Music Therapists Maria Radoje and Sjaak VanDerBent update us on the latest news from the Music Therapy department:
Last time we wrote about the development of our new leaflet for Music Therapy. We’re pleased to say that it’s finished, and we now have a logo on the front designed by Raul Vazquez Torres (below) that we feel conveys the essence of Music Therapy as a shared space for music making, sharing feelings, and communicating. You can see the leaflet and find out more about the Music Therapy service at One Trust by clicking on the link here; MUSIC THERAPY 2016 .
We would also like to introduce you to Frances and Kyle who volunteer in two different music therapy groups running at One Trust. We asked them both some questions, and they have given some insightful answers below:
Q: How did you get involved with One Trust and when did you start?
Frances: I asked to volunteer about 3 years ago.
Kyle: My mother is a trustee and my sister is a service user at Church Lane. My mother knew I was looking to do some voluntary work so she asked around within the centre if there was anything suitable and Maria and Sjaak who run the group on a Wednesday were happy for some help. I think I started in November 2015.
Q: You take part in the music therapy group on Monday and Wednesday afternoons, do you have a musical background?
Frances: Yes – I’m a trained musician, performer, and teacher of music.
Kyle: Yes I do have a musical background, I play the drums and have done so for about 10 years. I also studied music at college for about 2 years, learning about a lot of different aspects in music including the business side of music, the history and the performance.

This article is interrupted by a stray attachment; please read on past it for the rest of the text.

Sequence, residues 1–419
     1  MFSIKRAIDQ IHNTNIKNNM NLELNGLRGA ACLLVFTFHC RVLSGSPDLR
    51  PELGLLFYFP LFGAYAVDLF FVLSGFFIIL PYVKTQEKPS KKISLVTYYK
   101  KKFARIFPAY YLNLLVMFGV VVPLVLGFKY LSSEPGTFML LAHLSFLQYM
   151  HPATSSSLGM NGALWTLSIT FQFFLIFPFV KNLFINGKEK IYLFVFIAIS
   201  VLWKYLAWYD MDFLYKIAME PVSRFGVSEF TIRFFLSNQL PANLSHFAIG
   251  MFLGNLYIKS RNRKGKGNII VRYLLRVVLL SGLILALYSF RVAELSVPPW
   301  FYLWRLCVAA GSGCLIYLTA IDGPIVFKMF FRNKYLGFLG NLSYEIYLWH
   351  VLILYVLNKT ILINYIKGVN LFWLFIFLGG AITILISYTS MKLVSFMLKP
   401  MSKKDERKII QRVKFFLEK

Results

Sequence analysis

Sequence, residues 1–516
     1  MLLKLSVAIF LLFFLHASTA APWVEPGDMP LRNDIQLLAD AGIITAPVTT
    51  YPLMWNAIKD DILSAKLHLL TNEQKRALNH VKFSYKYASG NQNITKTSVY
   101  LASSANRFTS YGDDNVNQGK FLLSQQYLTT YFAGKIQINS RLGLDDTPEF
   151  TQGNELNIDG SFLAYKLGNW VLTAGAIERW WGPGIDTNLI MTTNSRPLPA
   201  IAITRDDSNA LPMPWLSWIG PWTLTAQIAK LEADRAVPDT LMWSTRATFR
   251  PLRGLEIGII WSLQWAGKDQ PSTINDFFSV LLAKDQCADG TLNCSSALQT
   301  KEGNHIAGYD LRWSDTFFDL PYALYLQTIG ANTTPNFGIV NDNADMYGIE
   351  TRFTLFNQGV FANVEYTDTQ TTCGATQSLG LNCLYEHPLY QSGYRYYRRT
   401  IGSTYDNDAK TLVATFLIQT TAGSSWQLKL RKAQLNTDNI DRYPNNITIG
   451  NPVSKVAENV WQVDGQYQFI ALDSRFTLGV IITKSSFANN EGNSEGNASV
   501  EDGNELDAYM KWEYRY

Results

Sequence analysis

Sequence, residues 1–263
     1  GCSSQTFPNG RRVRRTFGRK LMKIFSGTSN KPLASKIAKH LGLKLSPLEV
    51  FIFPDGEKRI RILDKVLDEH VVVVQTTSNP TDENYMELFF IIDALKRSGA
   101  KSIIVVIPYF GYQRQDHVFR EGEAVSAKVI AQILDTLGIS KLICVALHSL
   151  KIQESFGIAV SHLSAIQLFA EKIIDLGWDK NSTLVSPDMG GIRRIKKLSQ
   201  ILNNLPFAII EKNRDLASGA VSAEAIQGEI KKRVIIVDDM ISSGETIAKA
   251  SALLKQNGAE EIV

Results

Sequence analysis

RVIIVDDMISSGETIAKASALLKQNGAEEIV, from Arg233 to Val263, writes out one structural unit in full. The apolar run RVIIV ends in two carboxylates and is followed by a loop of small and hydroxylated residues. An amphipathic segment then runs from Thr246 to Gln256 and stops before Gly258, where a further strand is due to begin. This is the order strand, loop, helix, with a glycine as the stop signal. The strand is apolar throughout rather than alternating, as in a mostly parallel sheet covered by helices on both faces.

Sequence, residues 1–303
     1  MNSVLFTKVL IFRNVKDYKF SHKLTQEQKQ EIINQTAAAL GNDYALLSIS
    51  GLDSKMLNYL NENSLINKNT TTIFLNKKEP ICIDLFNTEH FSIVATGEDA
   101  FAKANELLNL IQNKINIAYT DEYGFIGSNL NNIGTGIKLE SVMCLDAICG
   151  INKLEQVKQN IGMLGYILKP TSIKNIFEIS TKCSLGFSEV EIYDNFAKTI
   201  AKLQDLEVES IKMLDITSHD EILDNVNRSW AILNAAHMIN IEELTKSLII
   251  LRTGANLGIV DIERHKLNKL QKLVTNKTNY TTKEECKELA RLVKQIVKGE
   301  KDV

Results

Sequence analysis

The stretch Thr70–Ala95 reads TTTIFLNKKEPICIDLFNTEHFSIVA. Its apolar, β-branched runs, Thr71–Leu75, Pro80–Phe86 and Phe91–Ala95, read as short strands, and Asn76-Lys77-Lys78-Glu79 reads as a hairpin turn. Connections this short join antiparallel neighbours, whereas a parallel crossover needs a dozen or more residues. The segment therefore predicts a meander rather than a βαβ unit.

Q: How are you enjoying being a part of the Music Therapy group?
Frances: Very much!
Kyle: Being part of the Music Therapy group is very enjoyable, seeing how the service users interact with each other during the session and how they are able to express themselves via the instruments is really something special to witness and be a part of.
Q: What would you say is the difference between learning to play an instrument and taking part in the Music Therapy group?
Frances: You don’t have to learn how to hold an instrument correctly, or play it in a conventional manner, nor make a conventional sound from it. The music making is more about what sounds you want to make.
Kyle: I would say the difference is when you’re learning to play an instrument you may have to follow a guide or listen to a teacher in order to improve your playing skills which can be restricting and orderly. Whereas taking part in the Music Therapy group you are free to play any instrument you like without having to follow any guide or teachings.
Q: You have been part of the group for quite some time now, have you noticed any differences in peoples music making?
Frances: Yes – the music making is now experimental and open to new directions – plus using the voice more.
Kyle: I have noticed how some service users seem to be getting more involved with the music now from when I first started, almost as if they are more comfortable within the group and are open to use a wider a range of instruments.
Q: And have you noticed any difference in your music making?
Frances: Yes – I am much more relaxed and less worried about how I am playing, which means that I can listen more to the group music!
Kyle: Since the training session I had with Sjaak and Maria I have noticed differences in my music making. I am now more aware of how to react and respond to the way service users use their instruments within a group session.
If you would like to find out more about Music Therapy services at One Trust visit the dedicated page on our website: http://onetrust.co.uk/services/music-therapy/